During the first century BC the high valley where the Garonne rose was annexed to the Roman Empire. The old land of the convenae, meaning the people who rule themselves by assembly, would become the civitas convenarum, with its capital at Lugdunum convenarum, a settlement created in 72 BC by Pompey, and is now known as Saint Bertrand de Comminges, just across the border from Aran in France.
From this stronghold the Latin language and Roman ways were brought to the Val d’Aran, as it was integrated as pagus aranensis into the wider Roman colony of Gaul. This pagus aranensis had its capital at Vetula, today’s Vielha.
The Romans who settled in these mountains were attracted by its thermal springs, at the sites of which they created balnearia, or bathing places, such as there were at Les, Arties and Tredòs. They were also interested in the valley’s deposits of marble, and in Arties there is a marble quarry which was active in those days. They mined other minerals too, and exploited the timber from the extensive forests.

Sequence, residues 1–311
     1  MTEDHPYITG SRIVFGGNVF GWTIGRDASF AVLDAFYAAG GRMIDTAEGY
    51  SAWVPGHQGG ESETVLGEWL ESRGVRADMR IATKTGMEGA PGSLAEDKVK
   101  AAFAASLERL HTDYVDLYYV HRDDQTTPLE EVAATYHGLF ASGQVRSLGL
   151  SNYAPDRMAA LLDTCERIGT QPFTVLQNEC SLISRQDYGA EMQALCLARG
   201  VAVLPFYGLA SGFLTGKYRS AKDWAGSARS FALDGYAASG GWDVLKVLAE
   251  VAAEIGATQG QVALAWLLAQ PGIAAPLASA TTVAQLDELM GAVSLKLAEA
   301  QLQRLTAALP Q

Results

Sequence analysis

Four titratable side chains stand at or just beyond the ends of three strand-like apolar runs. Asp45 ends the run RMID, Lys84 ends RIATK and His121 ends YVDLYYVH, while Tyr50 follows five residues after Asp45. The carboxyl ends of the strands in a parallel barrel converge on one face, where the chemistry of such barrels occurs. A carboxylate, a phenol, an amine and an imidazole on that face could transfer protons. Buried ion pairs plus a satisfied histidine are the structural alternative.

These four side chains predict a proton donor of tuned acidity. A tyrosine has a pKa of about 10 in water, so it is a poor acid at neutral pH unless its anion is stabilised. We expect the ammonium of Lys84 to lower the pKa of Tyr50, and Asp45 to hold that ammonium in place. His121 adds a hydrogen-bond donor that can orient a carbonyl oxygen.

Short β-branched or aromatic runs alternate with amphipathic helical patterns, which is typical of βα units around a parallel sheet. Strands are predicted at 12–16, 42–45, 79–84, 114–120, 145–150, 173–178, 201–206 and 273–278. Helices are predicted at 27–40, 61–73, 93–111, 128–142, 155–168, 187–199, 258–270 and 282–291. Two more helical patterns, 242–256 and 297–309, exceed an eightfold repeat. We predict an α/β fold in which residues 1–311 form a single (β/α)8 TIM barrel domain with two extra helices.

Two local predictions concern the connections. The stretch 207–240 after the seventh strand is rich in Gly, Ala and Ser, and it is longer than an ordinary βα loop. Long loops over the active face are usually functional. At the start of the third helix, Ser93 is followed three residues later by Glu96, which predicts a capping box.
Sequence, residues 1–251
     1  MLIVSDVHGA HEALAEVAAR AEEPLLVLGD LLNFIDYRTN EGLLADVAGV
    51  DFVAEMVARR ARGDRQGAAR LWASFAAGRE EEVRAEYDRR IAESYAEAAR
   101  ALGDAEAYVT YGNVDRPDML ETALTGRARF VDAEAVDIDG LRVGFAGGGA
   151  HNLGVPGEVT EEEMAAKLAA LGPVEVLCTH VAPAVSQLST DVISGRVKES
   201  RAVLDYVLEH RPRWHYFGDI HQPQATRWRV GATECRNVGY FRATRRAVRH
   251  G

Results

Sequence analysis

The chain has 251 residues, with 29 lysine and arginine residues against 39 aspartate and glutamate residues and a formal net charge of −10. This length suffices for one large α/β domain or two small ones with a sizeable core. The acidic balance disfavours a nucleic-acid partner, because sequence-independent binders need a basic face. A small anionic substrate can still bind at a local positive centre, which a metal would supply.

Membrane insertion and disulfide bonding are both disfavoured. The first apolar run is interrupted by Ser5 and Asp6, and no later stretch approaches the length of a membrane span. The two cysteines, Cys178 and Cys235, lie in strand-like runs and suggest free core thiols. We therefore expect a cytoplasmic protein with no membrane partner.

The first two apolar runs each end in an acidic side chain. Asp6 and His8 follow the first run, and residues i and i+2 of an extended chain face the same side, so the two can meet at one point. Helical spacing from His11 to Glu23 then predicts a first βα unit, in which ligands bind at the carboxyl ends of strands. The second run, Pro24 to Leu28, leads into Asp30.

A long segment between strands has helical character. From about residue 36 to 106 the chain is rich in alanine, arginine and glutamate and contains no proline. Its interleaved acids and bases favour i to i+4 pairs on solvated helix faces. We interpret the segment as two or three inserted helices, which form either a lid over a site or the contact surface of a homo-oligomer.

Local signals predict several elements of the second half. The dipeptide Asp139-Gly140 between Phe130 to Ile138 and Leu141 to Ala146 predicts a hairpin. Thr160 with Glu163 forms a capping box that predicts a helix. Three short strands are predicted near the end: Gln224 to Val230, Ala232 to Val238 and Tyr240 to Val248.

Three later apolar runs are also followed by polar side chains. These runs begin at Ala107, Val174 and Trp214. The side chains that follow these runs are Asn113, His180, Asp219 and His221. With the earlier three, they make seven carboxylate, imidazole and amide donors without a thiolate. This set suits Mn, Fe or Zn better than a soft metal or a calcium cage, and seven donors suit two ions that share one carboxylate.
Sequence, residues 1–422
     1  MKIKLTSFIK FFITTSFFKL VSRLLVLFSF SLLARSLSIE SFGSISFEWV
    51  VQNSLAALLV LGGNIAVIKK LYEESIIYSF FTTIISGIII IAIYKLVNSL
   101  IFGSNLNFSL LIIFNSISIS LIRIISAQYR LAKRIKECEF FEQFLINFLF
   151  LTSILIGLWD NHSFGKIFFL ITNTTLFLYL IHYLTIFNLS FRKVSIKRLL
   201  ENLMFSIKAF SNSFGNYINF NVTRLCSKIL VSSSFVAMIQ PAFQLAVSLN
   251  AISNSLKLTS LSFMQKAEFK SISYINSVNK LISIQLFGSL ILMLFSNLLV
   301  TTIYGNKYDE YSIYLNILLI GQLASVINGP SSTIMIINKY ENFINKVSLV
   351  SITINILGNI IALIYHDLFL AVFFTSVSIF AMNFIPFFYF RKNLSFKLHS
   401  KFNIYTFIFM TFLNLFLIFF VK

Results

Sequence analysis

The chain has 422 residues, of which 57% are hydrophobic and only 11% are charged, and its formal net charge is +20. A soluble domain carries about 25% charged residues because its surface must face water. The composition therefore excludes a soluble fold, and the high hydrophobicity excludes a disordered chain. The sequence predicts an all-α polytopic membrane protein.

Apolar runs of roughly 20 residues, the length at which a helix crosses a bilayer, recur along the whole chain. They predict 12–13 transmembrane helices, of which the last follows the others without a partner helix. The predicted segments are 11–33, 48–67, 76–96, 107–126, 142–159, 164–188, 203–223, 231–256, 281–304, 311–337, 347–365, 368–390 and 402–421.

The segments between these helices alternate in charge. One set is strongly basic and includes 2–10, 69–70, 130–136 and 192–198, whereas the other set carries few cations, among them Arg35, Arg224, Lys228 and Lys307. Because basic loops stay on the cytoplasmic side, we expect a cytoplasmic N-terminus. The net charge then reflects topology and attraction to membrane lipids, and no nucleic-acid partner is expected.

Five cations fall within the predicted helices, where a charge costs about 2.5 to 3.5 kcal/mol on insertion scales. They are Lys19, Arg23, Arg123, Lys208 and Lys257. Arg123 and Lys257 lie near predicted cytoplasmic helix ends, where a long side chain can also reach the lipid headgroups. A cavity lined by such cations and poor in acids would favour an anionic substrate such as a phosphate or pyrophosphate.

Towards the end of the sixth century AD the reduction and devastation of Lugdunum by the Franks and the conquest of Aquitaine by the Gascons brought about the disappearance of the civitas convenarum system, and therewith a pause in the process of Latinization and Christianization in Aran.